How big is big? – or – A trillion here, a trillion there, and soon you’re talking real money…

So, we’ve all been hearing about the various fiscal stimulus packages which governments around the world have been putting together. Most economists—indeed, virtually all of them except for the outer fringes—believe that such stimuli are necessary to restoring the global economy to some semblance of order. The debate now is largely over how large these packages will be and how much spending will be required to restore that sought-after order.

If I recall correctly, President Obama will be meeting with Congress today–a phrase which two years ago I didn’t expect I’d be writing—to discuss the fiscal stimulus package. As it stands, the package involves $825 billion, of which $550 billion is spending (the balance is tax cuts). This is in addition to the $700 billion accorded to the EESA/TARP bill. Ignoring the other expenditures made—because I cannot find them all in the short amount of time I want to write this—this amounts to $1.25 trillion in spending. Certainly appears large, doesn’t it?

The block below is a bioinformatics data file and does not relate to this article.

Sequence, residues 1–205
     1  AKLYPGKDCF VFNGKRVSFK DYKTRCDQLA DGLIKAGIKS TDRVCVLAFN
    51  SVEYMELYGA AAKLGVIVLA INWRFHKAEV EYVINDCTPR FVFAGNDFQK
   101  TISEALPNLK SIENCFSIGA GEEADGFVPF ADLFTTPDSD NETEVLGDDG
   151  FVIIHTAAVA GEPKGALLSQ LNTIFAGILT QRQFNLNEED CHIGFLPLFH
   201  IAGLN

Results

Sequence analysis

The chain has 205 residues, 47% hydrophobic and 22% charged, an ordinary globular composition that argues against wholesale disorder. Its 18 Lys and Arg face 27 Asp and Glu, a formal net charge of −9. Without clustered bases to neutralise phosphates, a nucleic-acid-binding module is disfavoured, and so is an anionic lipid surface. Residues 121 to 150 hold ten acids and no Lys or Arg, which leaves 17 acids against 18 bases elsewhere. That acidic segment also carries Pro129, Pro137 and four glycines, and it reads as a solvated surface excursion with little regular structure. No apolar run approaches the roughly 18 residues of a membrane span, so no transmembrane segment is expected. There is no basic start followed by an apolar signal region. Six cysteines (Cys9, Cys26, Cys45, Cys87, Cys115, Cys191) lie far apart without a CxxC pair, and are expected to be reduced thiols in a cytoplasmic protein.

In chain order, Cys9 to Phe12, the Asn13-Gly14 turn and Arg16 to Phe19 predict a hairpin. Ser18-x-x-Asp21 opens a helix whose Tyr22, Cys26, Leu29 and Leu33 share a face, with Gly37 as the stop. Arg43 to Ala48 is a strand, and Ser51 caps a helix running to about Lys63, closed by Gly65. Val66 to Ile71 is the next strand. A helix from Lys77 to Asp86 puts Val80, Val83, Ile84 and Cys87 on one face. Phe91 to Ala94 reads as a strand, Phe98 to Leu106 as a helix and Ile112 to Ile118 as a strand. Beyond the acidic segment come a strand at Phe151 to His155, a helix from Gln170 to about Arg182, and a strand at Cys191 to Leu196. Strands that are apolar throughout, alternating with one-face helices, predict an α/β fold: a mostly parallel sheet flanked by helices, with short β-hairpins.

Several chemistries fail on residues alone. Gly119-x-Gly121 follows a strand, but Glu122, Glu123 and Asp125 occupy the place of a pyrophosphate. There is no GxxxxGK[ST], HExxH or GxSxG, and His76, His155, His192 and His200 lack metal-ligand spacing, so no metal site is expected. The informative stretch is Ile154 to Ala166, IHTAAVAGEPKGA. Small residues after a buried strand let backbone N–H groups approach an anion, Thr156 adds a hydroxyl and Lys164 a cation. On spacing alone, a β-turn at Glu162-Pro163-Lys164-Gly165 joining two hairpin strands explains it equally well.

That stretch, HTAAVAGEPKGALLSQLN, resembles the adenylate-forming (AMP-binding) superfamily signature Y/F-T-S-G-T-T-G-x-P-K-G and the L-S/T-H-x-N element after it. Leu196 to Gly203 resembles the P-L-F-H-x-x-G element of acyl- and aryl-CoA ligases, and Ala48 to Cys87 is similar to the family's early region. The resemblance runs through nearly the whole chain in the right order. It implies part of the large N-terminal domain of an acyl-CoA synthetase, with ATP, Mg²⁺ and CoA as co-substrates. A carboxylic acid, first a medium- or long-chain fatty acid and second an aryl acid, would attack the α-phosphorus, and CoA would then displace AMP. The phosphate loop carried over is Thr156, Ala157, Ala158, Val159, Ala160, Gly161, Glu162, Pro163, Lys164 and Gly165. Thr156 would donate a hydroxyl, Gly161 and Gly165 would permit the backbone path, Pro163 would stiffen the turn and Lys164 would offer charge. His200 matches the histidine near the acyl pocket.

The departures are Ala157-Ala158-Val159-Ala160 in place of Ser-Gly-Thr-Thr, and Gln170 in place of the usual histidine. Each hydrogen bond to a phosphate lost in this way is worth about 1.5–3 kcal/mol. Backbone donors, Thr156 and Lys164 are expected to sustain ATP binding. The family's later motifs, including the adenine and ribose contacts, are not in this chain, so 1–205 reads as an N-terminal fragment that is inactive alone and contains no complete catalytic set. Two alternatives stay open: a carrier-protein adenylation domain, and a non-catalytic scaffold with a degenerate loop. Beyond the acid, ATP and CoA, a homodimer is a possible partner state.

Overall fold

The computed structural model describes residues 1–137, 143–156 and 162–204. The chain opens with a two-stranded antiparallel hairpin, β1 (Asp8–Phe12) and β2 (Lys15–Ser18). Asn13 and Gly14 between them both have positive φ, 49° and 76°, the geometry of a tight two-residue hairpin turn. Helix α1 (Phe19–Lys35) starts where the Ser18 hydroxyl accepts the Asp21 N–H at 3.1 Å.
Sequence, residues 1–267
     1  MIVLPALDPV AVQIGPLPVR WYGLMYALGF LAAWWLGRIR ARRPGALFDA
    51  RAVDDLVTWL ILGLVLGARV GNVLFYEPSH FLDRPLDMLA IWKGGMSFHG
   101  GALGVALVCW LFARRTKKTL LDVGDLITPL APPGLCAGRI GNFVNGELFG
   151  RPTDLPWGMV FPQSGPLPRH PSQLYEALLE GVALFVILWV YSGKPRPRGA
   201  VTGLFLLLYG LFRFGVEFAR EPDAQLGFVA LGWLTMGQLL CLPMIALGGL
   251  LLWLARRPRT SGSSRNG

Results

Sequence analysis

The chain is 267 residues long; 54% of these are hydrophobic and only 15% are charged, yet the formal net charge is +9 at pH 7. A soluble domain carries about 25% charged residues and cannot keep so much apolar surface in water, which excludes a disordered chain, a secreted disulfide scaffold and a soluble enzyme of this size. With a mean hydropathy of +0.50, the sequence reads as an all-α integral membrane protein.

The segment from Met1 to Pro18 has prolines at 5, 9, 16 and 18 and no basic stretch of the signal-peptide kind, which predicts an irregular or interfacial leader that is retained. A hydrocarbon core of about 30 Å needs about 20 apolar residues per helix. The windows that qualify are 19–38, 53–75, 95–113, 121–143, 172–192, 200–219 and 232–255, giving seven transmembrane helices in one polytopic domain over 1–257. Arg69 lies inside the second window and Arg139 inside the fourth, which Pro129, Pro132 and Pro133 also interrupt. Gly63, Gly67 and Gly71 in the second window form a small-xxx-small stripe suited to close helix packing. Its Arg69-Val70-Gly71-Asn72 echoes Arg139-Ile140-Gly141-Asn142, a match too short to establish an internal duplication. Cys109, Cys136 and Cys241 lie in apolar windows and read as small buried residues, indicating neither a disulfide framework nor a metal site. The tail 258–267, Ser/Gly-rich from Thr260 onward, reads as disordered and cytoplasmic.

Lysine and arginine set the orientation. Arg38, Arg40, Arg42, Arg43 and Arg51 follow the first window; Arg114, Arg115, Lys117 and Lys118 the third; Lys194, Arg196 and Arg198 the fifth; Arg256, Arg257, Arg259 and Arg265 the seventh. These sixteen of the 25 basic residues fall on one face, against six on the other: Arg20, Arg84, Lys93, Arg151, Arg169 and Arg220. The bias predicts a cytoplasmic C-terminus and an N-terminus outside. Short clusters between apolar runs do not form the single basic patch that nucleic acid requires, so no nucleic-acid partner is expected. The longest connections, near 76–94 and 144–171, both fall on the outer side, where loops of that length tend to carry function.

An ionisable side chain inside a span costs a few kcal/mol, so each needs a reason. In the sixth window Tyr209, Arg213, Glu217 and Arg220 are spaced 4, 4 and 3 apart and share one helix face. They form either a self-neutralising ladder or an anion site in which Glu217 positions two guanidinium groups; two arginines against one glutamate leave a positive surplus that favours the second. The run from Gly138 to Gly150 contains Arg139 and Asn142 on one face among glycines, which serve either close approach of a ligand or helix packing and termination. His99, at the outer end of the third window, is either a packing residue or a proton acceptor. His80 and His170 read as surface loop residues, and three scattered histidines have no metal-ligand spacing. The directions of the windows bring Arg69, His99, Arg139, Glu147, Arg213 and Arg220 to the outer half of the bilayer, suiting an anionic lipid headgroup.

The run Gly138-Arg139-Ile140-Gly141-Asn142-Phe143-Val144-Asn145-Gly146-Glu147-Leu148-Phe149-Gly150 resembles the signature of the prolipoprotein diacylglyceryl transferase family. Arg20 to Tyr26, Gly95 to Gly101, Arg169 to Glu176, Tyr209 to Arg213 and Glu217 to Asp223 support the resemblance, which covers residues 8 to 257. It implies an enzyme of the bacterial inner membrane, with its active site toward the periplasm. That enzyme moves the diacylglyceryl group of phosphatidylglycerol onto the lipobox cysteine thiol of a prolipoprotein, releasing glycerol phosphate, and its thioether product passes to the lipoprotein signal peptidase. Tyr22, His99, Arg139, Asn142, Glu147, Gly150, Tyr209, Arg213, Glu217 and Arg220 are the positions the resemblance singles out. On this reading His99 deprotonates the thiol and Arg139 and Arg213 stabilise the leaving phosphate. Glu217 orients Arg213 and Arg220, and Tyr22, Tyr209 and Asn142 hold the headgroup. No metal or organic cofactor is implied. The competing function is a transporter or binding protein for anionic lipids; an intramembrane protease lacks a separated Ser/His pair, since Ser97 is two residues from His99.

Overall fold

Now consider that the estimated GDP of the United States is $14.85 trillion (from the CIA World Factbook). The $1.25 trillion (or $1.525 trillion to count the total cost to the government’s coffers) makes up a “mere” 8.4% ( or 10.3% for the larger figure) of GDP. Now, I am not a professional economist, but some quick examination of past financial crises would seem to indicate that we will be very lucky indeed if this is all we have to spend. A World Bank paper by Caprio and Klingebiel (available here) lists a significant number of financial crises which have occured around the world since the 1970s. Most of them were only resolved with expenditures significantly over ~10% of GDP. Of course, many also involved the deadly “twin” crises of currency and financial collapse, which the US almost certainly will not face. However, many did not have significant twin crisis effects–indeed, to take the example of the US savings and loan crisis, which was vastly smaller than the present crisis we are in, one can see that expenditures of 3% of GDP ultimately proved necessary to restore health to the economy. Then, 3% of GDP was $180 billion; now, it is $446 billion, so expenditures up to that amount shouldn’t even have been in doubt (recall the massive controversy over the $700 billion TARP).

Ultimately, this is all to say that, in my at least mildly-educated opinion, we will be lucky to escape with spending totalling only $1-to-2 trillion over the whole extent of the crisis.  We had a lot of money going into this, and it will take a lot of money to get us out.

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